Cassidy Brozovich is following a career path that will take her to space

Cassidy Brozovich is following a career path that will take her to space
Cassidy Brozovich

Like many high school students, Cassidy Brozovich didn’t know exactly where her career path would lead her. Little did she know, her journey would take her to space.

Brozovich, who was recently honored as a Distinguished Senior at The Ohio State University College of Food, Agricultural, and Environmental Sciences (CFAES), is researching the design of 3D-printed substrates to grow plants in space. To put it simply, she is looking into how to design plant containers that will guide water to a plant’s roots in a zero-gravity environment.

“I never knew someone in my field could do anything with space research,” Brozovich said. “I thought it was about building rockets, but never thought about what goes inside the rockets.”

Brozovich will graduate this spring after majoring in food, agricultural and biological engineering (FABE) with an emphasis on ecological engineering, but her career journey began in a high school classroom in Warren, Ohio.

“Throughout high school, I wanted to become a pediatrician because I wanted to help people, and I love kids,” Brozovich explained. “Pediatrics seemed like the path for me because I also loved biology.”

However, after taking botany and zoology her senior year, Brozovich realized that she really enjoyed studying the environment in which organisms live.

Fortunately, she had already decided to study at Ohio State because she was looking for a large school that gave her room to figure out what she wanted to do. She began looking at different areas of study in both science and engineering, her two passions. After careful research and consideration, she found the CFAES FABE program and realized that was exactly what she wanted to do. She wanted to study ecological and environmental sciences as well as engineering.

“The FABE program was a beautiful hodgepodge of exactly everything I was into,” she said.

During her freshman year, Brozovich met Shannon Dixon, a sophomore in the FABE program, who became a mentor. Dixon, who was studying coral reef restoration, eventually introduced Brozovich to a research lab that was studying stormwater in urban environments.

“She really helped me figure out who I was within the FABE program,” Brozovich said.

Brozovich thought her career path was clear. She began working in the research lab studying water runoff, and she started thinking about grad school. In her junior year, the stars started to align when, during a random conversation, she heard about the Starlab project from Chris Tkach, a lecturer in FABE who teaches metallurgy and welding.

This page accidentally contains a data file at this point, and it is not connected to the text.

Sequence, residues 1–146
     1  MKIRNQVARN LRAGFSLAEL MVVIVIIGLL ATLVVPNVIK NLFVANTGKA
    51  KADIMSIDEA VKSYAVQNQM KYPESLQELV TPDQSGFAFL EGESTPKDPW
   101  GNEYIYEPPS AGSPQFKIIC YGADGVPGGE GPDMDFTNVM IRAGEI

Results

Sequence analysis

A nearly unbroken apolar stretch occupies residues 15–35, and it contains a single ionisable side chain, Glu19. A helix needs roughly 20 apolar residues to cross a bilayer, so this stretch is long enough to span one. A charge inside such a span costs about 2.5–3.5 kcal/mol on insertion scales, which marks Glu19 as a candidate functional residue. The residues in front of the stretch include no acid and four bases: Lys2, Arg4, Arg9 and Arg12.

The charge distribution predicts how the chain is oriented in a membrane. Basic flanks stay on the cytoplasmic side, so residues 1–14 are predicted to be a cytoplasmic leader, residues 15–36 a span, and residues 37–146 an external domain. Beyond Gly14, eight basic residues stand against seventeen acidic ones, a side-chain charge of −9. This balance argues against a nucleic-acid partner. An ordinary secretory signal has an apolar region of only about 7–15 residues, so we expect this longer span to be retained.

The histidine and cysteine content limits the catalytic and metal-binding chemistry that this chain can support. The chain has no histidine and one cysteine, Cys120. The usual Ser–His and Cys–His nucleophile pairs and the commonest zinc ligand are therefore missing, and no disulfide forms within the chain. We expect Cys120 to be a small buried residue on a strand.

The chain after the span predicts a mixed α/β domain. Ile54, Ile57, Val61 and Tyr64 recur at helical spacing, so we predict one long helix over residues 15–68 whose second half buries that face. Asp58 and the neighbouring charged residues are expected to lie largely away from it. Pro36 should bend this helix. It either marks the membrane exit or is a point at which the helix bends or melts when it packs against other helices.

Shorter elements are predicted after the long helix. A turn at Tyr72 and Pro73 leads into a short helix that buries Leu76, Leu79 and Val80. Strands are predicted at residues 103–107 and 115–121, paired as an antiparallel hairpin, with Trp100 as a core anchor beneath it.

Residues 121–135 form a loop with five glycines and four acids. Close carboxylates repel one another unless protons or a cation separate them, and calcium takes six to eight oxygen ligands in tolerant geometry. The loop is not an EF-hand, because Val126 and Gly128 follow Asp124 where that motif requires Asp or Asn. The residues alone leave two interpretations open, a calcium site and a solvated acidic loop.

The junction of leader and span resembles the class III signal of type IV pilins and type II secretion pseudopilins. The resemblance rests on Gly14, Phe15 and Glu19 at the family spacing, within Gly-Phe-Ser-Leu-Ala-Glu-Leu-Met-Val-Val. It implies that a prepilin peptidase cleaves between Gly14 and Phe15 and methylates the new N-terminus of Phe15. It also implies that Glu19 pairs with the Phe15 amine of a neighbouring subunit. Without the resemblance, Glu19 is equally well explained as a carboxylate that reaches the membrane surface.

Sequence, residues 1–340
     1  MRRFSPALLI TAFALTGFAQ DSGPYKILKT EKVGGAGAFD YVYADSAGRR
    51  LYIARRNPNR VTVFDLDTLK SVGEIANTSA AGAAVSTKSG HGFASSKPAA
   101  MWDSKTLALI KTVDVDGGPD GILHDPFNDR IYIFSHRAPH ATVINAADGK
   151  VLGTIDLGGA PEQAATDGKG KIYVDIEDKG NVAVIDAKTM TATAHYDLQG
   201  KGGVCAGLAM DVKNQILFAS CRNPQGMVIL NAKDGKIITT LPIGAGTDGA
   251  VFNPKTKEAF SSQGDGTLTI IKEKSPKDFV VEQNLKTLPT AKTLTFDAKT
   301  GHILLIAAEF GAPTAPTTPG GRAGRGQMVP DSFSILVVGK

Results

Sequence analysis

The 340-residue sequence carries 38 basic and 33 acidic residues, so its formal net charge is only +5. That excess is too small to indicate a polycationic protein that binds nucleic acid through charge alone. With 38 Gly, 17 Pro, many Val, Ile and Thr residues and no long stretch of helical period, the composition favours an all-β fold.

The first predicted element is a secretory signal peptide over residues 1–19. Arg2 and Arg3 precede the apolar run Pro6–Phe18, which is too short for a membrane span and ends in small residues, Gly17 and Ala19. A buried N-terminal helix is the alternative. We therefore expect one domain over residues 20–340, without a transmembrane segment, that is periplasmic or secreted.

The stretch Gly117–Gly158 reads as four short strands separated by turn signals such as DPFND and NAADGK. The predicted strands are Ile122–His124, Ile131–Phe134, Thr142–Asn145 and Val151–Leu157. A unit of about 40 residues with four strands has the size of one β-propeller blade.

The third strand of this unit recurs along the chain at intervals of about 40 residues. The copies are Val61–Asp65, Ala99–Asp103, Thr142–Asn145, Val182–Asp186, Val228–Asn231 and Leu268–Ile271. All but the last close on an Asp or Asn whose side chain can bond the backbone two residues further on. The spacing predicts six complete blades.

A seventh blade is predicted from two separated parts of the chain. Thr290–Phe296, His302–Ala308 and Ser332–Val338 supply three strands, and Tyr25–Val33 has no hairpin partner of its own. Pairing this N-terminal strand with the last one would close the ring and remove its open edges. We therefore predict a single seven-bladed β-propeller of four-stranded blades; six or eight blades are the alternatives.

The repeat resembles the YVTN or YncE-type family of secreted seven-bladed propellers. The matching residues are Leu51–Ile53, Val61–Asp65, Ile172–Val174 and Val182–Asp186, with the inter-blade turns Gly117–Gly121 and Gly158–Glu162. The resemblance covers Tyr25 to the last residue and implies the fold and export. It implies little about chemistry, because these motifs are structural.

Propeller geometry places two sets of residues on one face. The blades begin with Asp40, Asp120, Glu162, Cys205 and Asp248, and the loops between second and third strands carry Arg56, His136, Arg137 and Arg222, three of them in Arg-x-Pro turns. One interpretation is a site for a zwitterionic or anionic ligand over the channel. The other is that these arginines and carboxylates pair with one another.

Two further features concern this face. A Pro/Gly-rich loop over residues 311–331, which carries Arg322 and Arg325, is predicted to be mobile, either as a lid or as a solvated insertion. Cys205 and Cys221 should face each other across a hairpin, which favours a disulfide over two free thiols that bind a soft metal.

Brozovich says she couldn’t stop thinking about the opportunity to study space research.

“I thought, I have to pursue this or it’s going to drive me nuts for the rest of my life if I don’t,” she said.

Tkach introduced Brozovich to Scott Shearer, PhD and chair of FABE, who described the project and shared what he had hoped the project would accomplish and what it could lead to in the future. After their conversation, Shearer arranged for Brozovich to meet with John Horack, PhD, professor, and Neil Armstrong Chair in Aerospace Policy at John Glenn College of Public Affairs and the College of Engineering, both at Ohio State. Horack, who leads the Starlab project, asked Brozovich what she wanted to do with Starlab.

Zero gravity growth medium

She replied, “I want to grow plants in space.”

She immediately worried that her desire to work in Starlab was a pipe dream, but Horack thought otherwise and responded with, “Let’s make it happen.”

She reached out to Peter Ling, PhD and associate professor in FABE who specializes in controlled environment agriculture. Ling put Brozovich on his NASA capstone team, which conducted the initial substrate research.

“I’ve gotten close to the faculty in my department,” Brozovich said. “They really helped find the right people to talk to once I showed interest. They really encouraged me to keep pursuing it as well. I’m really thankful that I have that kind of support system.”

Being a part of the capstone project validated Brozovich’s desire to work on the Starlab project. She will continue working on the Starlab team when she starts grad school next fall. She would ultimately love to work for NASA’s space crop production lab.

“It’s been an interesting journey of studying things I did like and didn’t like, and then stumbling into what I believe is the coolest thing I could have ended up in,” Brozovich said.